With each passing year, typing drills are inflicted on fewer and fewer teenagers. And for John Orrick, that's bad news. Orrick, you see, is a typewriter salesman and repairman. When he started in the business in 1951, typewriters were the king of communications. These days the Jones Typewriter Company on Manchester Road in Des Peres, where Orrick has worked since 1982, is among fewer than two dozen typewriter stores left in St. Louis. "There used to be two or three full pages in the phone books," the 73-year-old Orrick chuckles.
Orrick, a tall man with thinning white hair and glasses, gently lifts his pride and joy out of a glass case -- a Corona from the late nineteenth century. "This one's not for sale," he advises. Around him, used typewriters are arrayed in various states of disrepair. A few new models are scattered on shelves. When a stooped, white-haired woman walks through the door clutching an adding machine the size of a purse, Orrick greets her. "How are you doing, young lady?"
Who keeps the Jones Typewriter Company in business besides little old ladies?
"The City of St. Louis," Orrick replies, cementing City Hall's reputation as a computer-free zone. "We just sold them several machines." Lawyers, insurance companies and car dealerships also are big customers, he says.
In years past, Orrick would spend summer days in the typing labs of local high schools, preparing all the machines for the coming year. But that was a long time ago, he says. "They don't call us to do that anymore."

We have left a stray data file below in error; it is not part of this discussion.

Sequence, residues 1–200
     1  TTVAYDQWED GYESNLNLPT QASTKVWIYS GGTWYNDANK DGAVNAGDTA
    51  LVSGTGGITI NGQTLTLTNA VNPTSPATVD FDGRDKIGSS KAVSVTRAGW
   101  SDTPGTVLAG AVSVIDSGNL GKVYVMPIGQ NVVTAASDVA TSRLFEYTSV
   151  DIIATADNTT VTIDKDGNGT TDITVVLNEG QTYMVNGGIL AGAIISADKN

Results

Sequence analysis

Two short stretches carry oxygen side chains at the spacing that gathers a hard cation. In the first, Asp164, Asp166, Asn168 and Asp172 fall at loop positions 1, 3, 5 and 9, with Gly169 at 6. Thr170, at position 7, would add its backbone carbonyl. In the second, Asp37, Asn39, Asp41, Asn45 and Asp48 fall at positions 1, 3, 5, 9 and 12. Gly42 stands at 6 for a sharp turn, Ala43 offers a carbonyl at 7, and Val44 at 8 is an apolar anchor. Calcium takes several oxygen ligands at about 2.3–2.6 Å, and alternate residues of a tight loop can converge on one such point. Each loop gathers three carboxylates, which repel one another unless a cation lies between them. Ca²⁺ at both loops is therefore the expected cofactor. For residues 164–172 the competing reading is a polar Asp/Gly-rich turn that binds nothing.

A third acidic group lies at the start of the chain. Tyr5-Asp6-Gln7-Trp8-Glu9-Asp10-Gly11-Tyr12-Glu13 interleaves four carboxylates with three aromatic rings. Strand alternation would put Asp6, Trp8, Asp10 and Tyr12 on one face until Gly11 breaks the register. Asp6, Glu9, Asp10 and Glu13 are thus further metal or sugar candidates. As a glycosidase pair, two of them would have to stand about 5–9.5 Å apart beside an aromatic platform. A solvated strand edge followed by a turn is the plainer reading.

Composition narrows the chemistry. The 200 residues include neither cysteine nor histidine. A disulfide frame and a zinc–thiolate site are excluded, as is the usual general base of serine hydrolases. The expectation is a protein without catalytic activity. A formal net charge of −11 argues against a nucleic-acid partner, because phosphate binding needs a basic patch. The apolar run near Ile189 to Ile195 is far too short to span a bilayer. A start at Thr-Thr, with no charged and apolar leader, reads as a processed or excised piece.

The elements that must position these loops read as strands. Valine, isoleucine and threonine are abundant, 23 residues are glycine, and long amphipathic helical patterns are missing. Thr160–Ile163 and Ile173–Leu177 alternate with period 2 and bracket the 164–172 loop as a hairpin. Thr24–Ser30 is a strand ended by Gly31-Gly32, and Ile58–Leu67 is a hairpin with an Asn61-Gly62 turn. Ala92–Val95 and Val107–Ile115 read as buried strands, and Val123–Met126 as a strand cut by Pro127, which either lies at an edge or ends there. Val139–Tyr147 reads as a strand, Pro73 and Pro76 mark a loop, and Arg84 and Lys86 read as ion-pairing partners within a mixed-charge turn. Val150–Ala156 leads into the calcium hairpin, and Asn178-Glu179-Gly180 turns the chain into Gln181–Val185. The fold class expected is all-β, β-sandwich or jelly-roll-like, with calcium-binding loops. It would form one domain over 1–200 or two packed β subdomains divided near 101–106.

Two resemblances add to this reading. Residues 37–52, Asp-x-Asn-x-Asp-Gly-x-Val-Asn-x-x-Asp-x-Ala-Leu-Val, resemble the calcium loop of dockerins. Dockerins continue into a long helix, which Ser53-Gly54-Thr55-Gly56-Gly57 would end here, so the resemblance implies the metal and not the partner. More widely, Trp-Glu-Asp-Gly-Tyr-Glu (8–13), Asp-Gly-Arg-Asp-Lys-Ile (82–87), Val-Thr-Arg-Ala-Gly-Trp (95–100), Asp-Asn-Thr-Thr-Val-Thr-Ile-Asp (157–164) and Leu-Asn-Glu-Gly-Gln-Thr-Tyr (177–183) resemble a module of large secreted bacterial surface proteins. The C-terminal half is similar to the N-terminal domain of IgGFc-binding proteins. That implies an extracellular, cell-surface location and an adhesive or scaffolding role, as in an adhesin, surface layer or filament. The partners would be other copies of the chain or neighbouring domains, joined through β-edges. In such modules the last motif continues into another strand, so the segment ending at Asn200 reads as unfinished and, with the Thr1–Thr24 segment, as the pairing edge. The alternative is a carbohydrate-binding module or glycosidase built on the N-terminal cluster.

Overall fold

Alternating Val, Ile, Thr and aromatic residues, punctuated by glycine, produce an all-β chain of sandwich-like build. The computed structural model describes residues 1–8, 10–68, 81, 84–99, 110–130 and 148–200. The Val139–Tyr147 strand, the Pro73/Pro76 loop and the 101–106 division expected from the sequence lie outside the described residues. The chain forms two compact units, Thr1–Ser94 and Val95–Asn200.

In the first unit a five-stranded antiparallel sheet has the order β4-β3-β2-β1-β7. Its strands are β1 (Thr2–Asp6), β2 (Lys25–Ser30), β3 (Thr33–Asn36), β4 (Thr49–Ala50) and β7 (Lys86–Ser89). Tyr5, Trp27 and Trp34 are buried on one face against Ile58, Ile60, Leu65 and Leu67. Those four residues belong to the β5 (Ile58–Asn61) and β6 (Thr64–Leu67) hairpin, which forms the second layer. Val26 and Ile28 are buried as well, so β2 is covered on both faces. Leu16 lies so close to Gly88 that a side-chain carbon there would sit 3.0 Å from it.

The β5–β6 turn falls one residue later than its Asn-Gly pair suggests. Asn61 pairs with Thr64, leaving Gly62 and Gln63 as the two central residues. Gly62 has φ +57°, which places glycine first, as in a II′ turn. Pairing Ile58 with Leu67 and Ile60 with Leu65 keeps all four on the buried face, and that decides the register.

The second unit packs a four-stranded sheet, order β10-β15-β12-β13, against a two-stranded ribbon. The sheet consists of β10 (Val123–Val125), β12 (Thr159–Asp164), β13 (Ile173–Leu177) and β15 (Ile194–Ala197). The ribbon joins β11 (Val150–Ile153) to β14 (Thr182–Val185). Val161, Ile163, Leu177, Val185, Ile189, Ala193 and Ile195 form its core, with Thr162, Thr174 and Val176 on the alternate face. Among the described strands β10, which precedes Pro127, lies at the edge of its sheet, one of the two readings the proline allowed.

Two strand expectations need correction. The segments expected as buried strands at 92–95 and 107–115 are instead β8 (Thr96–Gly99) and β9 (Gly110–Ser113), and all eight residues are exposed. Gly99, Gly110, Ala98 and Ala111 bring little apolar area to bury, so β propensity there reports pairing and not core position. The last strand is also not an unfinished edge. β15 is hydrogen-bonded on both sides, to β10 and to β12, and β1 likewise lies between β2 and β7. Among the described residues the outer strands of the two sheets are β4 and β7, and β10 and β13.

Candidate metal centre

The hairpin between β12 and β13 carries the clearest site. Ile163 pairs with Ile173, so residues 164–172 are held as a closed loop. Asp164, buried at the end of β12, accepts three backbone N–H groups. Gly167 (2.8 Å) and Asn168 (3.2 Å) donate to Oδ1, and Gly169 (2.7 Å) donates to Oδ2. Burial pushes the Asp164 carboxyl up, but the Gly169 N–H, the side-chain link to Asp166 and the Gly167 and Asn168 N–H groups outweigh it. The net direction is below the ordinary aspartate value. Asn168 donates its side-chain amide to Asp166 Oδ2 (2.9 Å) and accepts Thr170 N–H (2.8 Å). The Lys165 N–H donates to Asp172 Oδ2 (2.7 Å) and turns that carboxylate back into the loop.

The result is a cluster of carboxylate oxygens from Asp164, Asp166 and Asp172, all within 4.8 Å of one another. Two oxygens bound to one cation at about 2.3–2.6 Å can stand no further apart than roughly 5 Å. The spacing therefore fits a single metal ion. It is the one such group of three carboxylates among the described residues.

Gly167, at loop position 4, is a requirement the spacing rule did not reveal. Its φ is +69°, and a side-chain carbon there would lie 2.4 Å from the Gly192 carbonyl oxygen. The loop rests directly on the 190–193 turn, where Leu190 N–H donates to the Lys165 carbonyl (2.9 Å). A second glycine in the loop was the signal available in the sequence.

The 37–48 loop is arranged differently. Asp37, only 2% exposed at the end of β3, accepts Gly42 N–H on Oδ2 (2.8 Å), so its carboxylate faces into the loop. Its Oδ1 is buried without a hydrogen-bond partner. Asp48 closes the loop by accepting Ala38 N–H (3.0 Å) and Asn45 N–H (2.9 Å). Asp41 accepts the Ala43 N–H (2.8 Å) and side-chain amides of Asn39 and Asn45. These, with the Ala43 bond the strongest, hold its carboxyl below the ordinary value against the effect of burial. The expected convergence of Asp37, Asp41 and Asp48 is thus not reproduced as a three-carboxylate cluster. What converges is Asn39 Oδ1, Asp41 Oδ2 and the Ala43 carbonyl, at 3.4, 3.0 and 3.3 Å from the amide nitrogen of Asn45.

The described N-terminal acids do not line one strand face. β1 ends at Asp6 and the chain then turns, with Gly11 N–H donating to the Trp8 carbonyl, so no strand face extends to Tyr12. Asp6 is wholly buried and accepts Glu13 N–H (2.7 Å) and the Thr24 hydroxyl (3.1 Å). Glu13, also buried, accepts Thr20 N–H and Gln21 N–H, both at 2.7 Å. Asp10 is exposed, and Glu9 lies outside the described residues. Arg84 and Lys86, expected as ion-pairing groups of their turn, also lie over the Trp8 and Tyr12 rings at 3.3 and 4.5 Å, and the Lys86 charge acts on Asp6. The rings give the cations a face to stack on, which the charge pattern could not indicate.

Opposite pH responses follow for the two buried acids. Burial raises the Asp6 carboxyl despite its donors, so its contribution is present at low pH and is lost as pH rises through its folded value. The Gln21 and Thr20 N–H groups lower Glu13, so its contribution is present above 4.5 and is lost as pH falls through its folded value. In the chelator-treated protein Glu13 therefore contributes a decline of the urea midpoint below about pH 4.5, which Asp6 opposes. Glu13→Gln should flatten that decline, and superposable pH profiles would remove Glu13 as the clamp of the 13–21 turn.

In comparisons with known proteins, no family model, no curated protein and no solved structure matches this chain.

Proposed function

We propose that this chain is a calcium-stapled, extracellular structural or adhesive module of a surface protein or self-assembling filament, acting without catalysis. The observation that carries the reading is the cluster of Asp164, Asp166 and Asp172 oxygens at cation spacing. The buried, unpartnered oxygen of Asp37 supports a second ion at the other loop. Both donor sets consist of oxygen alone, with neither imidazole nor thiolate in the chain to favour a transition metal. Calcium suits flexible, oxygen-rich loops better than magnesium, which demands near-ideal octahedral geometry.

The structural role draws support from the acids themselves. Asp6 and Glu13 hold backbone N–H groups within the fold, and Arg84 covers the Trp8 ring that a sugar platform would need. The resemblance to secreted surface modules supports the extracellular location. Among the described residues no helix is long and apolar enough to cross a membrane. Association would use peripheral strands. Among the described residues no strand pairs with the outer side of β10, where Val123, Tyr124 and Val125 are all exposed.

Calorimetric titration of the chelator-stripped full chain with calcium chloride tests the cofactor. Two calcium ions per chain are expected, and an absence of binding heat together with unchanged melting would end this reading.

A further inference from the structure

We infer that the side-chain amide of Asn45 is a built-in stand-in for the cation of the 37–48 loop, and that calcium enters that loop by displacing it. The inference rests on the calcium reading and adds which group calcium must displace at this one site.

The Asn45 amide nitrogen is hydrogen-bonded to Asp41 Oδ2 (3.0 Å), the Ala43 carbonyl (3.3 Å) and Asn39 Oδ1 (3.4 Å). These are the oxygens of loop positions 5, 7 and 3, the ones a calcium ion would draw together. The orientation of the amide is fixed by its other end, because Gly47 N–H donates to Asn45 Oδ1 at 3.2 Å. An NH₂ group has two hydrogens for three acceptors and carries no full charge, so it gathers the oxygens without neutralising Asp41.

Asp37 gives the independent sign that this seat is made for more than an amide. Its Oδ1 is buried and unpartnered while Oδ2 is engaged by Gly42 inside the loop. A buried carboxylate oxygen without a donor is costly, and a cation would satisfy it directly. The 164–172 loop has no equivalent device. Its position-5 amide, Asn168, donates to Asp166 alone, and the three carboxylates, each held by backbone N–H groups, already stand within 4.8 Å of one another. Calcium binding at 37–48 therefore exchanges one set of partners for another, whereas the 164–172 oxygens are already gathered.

We Got Your Task Force Right Here
Unreal was disappointed (and a little insulted) when we discovered last week that St. Louis Mayor Francis Slay had convened a seventeen-member task force to study the funding gap at Lambert Field and failed to include us. "We have to make it more attractive to our customers," Slay told the Post-Dispatch. "Like any other business, we have to offer a good product at a competitive price." With that in mind, Unreal convened our own eighteen-member task force, and we're now prepared to unveil our own proposals.
Cut a canal to the Missouri River, float the whole plot in a moat and rechristen the new development Lambert-Pinnacle Casino and Municipal Airport Complex. What's a few million bucks more to Pinnacle Entertainment, which is already dropping a half-billion into two area casino developments? Bumped from a flight? No problemo. More time to drop quarters in the loosest airport slots in the world.
Tear down the main terminal. The high ceilings are hell on the wallet, and all those fluorescent tubes add up. We can do better! Heck, we've already got a model: the double-wide Amtrak station downtown. Where once trains pulled into the majestic Union Station, when the traffic slowed to a trickle (blame Lambert), the city had the vision to abandon the building and relocate into a trailer. Genius! Just call it "temporary" and the public will soon forget. You never read about cost overruns in the double-wide, do you?
Two words: Webster University. They're still itching to make an impact in the area, to be considered "major players," so why not ditch Webster Groves, quit teasing us with the whole Old Post Office charade and leapfrog over to where MetroLink lands at your doorstep? Plus, the strategic location near a competitor furthers Webster's rumored master plan: invading and conquering UMSL.